4. Submit to the NRD a proposed annual budget of estimated costs and how the community plans to meet these commitments for the length of the tree plan.
  5. Have an updated City Tree Ordinance.
  6. A copy of the Tree Plan and cover letter must be submitted to the NRD from the Community Tree Board no less than two weeks prior to the NRD Committee Meeting to consider action on the proposal.

Funds Available: The NRD will provide 50% financial assistance on a per capita basis. The maximum contribution shall be $3.00 per capita, up to $10,000, with a minimum contribution of $500 to assist communities with small populations.

Level Two
Sponsors shall:

  1. The applicant shall develop and submit a five year work plan for tree planting, with guidance from the District Extension Forester or NRD if possible.
  2. The plan shall include a map showing where trees will be planted, a list of the trees with desired size and number to be planted, a time table for completion of the project and an estimated project cost.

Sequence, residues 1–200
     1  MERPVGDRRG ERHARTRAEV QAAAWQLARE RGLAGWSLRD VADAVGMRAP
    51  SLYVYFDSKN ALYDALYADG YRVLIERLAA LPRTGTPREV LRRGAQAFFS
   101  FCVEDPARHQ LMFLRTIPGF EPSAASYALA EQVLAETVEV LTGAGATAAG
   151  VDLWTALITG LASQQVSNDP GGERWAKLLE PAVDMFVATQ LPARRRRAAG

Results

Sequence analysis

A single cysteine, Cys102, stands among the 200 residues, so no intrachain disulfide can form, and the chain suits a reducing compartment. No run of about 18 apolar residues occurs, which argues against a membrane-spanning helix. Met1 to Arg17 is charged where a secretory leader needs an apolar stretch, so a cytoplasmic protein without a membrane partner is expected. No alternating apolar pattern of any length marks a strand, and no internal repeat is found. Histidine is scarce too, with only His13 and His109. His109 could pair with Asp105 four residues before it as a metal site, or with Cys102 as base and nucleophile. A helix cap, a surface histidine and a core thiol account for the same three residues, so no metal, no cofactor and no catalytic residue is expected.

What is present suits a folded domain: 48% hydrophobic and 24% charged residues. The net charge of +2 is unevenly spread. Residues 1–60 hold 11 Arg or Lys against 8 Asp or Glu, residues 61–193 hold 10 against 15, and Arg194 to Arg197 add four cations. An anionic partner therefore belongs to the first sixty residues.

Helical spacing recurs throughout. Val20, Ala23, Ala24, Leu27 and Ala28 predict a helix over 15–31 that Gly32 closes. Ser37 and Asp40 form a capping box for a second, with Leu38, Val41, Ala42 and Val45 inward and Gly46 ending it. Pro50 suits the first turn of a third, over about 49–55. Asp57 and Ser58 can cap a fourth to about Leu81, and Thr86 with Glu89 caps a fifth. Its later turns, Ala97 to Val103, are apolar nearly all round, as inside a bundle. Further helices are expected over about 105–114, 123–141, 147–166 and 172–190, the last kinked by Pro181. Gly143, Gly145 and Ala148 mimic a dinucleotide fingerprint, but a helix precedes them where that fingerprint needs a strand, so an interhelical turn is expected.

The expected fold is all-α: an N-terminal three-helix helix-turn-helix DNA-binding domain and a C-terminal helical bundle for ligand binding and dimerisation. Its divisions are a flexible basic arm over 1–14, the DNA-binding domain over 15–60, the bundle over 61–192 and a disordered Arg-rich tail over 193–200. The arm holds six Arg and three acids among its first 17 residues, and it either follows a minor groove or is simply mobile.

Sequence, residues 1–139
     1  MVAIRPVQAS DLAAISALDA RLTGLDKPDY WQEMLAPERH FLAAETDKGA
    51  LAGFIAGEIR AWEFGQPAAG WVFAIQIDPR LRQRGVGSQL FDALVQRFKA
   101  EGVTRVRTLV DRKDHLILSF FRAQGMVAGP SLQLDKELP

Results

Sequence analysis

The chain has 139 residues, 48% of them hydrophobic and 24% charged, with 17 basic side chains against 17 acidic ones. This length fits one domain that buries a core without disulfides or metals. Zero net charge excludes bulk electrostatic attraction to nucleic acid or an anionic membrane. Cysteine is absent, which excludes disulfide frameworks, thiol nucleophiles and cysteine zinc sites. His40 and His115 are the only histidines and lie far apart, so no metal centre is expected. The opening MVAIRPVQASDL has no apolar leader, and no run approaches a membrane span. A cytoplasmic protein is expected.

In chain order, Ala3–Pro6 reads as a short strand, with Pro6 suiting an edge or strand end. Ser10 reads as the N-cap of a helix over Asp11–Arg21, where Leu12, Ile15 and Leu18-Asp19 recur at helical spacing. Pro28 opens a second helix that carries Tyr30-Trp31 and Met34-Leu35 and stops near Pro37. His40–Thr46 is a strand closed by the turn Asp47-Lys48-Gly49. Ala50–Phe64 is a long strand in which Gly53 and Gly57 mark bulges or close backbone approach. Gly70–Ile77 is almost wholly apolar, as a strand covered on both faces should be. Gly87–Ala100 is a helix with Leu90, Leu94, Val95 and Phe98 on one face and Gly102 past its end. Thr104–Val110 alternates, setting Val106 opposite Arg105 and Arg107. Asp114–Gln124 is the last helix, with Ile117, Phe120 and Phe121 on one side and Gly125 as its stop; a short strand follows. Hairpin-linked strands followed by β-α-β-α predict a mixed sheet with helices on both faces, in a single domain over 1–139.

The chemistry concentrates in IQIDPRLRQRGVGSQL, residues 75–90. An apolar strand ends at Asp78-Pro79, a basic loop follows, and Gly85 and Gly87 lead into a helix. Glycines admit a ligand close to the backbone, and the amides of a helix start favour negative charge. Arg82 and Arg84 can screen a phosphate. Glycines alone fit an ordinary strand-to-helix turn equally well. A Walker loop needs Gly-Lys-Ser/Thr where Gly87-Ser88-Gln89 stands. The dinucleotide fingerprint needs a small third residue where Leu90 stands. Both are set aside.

3. Develop a Work Plan of tree planting, removal, maintanance; and keep active (maintenance portion) for ten years.
  4. The sponsoring group will be required to provide funds or in-kind services to match funds profided by the NRD.
  5. Applications shall be submitted prior to April 1st.

Funds Available: The NRD will provide cost share of 50% up to $1,500 per community, for projects which have been approved by the District. Funds will be limited to one request per community per five years.